The 10th Kingdom's Evil Queen escaped into the fairytale world and promptly suppressed her real life. The opposite is true in Once Upon a Time: Regina is the only one aware of the curse, and she's suppressing the memories of those around her. She clearly prefers the real world and her mayoral duties. As Once Upon a Time progresses, I'm guessing that a signifier of how much a character is in league with the Queen will be how much that person remembers or pretends to not remember. Suspicions will abound!
KILLER MOM MYTHOS:
Like Once Upon A Time, The 10th Kingdom centered on the story of Snow White (played by no lesser a personage than Camryn Manheim). Snow White's story is a particularly disturbing one because it involves a surrogate mother figure who tries to kill the titular heroine, a psychological violation that The 10th Kingdom's Virginia shared (her mom tried to drown her) and had mirror in order to serve justice (she in turn killed her mom), despite the fact she kind of longed to know her mother her whole life.
As a parallel, Emma is Snow White's daughter, and Snow White was forced to abandon her. Emma, in turn, had to give up her own kid—and he's being raised by the Evil Queen. All this abandonment angst! All of these mother figures who have to be defeated! In Once Upon a Time's case, the analog is not between Virginia and Emma, but instead between Virginia and Henry. In bringing Emma to Storybrooke and kicking off the central battle of good and evil, I think Henry is eventually going to have a lethal moment with Regina. To really break the social more of what a son owes his mom and vice versa, she's going to have to make some kind of attempt on his life (it's dark, I know.) It's interesting that in most fairytales, the central conflict occurs between an older woman and a younger one, as if we're trying to teach different generations of women not to trust each other, but to take a passive stance and look to men as arbiters of social justice. Since Henry is a boy, he breaks that chain of woman-to-woman conflict—unless Regina steps over him and gets into conflict exclusively with Emma. If that happens, we'll have a direct contest not just between good and evil, but between the idealized mother and the demonized mother. Women's Studies majors, take note: I just gave you a thesis topic.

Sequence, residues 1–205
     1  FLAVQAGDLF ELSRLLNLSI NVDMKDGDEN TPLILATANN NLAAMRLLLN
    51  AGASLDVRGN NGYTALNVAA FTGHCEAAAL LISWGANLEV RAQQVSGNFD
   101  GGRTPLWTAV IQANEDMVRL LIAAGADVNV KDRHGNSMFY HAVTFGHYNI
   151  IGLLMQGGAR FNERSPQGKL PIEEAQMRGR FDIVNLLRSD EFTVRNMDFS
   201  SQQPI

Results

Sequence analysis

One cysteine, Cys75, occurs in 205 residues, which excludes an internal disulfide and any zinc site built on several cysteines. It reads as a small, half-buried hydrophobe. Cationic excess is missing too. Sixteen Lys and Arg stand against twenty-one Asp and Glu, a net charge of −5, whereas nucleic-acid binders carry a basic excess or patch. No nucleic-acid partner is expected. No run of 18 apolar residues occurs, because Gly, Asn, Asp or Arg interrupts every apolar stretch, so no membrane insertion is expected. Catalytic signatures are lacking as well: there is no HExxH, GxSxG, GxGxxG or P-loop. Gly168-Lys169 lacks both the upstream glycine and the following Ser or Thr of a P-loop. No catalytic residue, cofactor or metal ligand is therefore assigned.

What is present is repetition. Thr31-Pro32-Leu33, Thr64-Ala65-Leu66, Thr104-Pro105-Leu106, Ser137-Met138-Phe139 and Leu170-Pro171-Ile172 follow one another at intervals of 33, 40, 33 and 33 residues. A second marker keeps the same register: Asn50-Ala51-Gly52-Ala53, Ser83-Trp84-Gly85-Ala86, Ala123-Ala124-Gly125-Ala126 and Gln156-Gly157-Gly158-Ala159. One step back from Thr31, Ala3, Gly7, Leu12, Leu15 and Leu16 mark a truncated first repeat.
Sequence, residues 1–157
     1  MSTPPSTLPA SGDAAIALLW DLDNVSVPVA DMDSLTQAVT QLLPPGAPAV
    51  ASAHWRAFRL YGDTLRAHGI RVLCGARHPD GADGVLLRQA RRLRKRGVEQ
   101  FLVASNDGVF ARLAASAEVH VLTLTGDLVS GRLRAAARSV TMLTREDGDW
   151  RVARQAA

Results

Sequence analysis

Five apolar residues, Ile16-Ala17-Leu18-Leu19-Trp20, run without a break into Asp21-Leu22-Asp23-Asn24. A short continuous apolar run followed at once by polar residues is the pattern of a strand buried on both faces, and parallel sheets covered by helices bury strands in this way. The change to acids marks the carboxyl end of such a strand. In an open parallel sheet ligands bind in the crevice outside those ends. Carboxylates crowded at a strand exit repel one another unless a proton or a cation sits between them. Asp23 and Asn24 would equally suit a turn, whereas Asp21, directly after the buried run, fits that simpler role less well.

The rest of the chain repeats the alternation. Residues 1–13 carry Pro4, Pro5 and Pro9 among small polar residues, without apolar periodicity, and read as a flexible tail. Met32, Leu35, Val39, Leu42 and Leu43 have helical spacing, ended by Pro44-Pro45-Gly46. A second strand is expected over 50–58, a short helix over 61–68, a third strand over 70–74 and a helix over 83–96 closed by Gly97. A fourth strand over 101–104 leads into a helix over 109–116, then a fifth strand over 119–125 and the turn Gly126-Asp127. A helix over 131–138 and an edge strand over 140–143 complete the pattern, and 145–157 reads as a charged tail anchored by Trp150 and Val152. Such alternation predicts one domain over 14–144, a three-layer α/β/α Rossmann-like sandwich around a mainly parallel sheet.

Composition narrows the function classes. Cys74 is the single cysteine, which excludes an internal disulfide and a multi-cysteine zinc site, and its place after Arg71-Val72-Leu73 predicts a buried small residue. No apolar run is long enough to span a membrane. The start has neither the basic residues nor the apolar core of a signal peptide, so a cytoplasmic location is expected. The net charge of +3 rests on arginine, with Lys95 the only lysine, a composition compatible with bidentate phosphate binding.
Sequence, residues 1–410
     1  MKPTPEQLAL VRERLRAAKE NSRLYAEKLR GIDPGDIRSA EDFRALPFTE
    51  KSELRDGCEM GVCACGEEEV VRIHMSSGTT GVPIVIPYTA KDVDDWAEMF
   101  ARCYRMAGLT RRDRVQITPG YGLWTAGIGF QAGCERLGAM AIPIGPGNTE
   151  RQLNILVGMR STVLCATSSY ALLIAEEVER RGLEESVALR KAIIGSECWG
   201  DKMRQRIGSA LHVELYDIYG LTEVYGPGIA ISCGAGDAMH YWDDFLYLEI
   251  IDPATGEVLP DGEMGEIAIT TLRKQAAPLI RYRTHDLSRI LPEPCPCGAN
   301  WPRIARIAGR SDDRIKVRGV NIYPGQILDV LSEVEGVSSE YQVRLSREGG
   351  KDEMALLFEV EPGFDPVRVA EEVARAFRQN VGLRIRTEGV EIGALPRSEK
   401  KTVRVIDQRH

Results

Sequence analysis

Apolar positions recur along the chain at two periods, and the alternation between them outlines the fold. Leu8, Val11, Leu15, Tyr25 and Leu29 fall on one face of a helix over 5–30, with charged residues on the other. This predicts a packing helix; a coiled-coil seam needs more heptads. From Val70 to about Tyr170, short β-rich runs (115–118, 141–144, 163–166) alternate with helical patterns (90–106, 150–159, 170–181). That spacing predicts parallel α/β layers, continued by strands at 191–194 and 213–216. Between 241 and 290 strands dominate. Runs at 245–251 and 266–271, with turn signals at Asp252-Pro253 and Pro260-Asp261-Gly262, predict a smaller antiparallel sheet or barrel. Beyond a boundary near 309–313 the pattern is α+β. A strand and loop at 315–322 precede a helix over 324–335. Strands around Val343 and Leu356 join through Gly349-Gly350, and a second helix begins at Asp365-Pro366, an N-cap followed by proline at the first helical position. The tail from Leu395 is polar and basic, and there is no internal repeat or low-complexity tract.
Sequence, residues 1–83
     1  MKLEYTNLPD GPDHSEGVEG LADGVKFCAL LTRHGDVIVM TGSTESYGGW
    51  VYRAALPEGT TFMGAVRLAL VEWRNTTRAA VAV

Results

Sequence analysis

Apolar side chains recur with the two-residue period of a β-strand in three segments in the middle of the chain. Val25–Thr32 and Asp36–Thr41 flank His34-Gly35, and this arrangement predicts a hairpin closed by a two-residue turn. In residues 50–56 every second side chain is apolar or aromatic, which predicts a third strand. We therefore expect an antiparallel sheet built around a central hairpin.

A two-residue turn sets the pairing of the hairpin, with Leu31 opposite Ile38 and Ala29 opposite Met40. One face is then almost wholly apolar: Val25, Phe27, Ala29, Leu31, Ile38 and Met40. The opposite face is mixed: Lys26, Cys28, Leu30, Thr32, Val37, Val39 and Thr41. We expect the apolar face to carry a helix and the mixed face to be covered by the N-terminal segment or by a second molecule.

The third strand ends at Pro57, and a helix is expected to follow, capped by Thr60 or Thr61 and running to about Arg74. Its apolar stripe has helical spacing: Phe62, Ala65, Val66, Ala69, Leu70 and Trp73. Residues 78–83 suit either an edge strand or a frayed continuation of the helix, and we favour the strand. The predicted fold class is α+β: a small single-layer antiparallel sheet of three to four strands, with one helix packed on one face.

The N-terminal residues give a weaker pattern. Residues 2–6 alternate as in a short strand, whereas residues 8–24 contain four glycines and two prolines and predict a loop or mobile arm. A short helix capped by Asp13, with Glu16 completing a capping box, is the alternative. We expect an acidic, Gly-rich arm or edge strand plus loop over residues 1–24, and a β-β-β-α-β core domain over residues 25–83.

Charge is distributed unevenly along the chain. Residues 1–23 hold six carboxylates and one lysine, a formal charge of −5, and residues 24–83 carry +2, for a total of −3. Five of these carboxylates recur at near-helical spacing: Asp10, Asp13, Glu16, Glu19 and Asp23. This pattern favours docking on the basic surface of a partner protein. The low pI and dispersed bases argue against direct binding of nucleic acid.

Both Once Upon a Time and The 10th Kingdom touch on the most important aspect of their fairytale roots: that folklore has primal, psychological truths at its core and that these stories reinforce the societal balance between what is civilized, right, and true, and what is deceptive, wrong, and barbaric. The 10th Kingdom stayed rooted in the world of the fairytale, while Once Upon A Time approaches its larger issues through the lens of the real world, which is clearly an easier way to make viewers relate. Hopefully this will give Once Upon A Time the commercial appeal that The 10th Kingdom apparently lacked. Either way, the parallels between the two are undeniable, and we'll see if Once Upon A Time ends up mirroring The 10th Kingdom as much as i suspect it might.
… Do you agree/disagree with any of my predictions? Am I seriously losing my mind?
… What was your favorite mini-plot in The 10th Kingdom? (I loved the sleeping swamp.)
… Did you ever crush on Wolf hardcore/start a fan site?
… What elements will Once Upon A Time be forced to introduce in order to sustain the show's premise for several seasons?
… Why is Snow White the predominant fairytale in modern storytelling?